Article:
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A Synthetic Approach to Treating Allergic Rhinitis: Engineering Staphyloccocus Epidermidis to Secrete High-Affinity Histamine Binding Protein in Response to Elevated Levels of Histamine due to an Allergic Attack

Project Abstract

Brown University’s 2009 iGEM Team presents an exciting new approach to treating nasal allergies through Allergene: a synthetically engineered, self-regulating drug factory in the nose. This revolutionary new product provides a much-needed alternative to current antihistamines by directly sequestering the histamine released in an allergic response. In order to do this, Allergene makes use of the unique histamine binding protein rEV131, native to the tick Rhipicephalus appendiculatus. By taking advantage of rEV131's high binding affinity for histamine, Allergene effectively eliminates both the symptoms and side effects associated with allergies and their treatments.

Rather than presenting a system that passively sequesters histamine; however, Allergene goes one step further to providing patients with much-needed allergy relief. Activation of the product only occurs in the explicit event of an actual allergic response. This ingenious mechanism is made possible through the novel engineering of a histamine receptor in prokaryotes, a grand undertaking that had never before been accomplished. By re-designing pre-existing prokaryotic chemoreceptors to bind histamine rather than their wild-type ligands, Allergene acquired its most impressive feature yet: the "Histamine Sensor". Site-directed mutagenesis on the ligand binding pockets of two particular prokaryotic chemoreceptors, Ribose Binding Protein and Tar (normally responsive to Aspartate)was performed to create this novel sensor. Through histamine detection, Allergene’s unique histamine sequestering system is engineered to function only when histamine levels are markedly high. This efficiently timed system is therefore completely self-regulating.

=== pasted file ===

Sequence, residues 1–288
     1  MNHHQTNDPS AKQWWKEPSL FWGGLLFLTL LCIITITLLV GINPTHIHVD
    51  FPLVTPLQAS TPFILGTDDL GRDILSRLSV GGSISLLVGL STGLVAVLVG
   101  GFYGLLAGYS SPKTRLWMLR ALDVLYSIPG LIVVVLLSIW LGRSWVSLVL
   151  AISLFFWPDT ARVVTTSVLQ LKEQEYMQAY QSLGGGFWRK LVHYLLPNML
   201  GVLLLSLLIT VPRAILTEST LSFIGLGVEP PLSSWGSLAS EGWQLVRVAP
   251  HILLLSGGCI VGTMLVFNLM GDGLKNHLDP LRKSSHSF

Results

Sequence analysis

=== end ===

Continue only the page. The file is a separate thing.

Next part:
Allergene is introduced to its host patients by capitalizing on the endogenous existence of bacterium Staphylococcus epidermidis in human nasal flora. This naturally present organism is the perfect vehicle for delivery; its rapid production and secretion of Allergene’s genetic constructs effectively implement the system’s histamine sensing and sequestering capabilities in human hosts. Secretion is accomplished through the attachment of a signal peptide sequence specific to S. epidermidis, a clear and concise method by which to deliver the ready-to-use drug. In order to eliminate any safety concerns associated with the utilization of S. epidermidis, special care has additionally been taken to engineer the product’s accessory kill switch mechanism. Capitalizing on the cells' abilities to sense the growth of their own populations, a DNA gyrase poison responsible for triggering cell death (CCDB)is neatly placed under the quorum or population sensing promoter Agr, which normally functions in hazardous biofilm formation. Named the “Quorum Sensor”, this thoughtful, additional feature prompts Allergene’s swift response in the unfavorable event of over-cell-proliferation.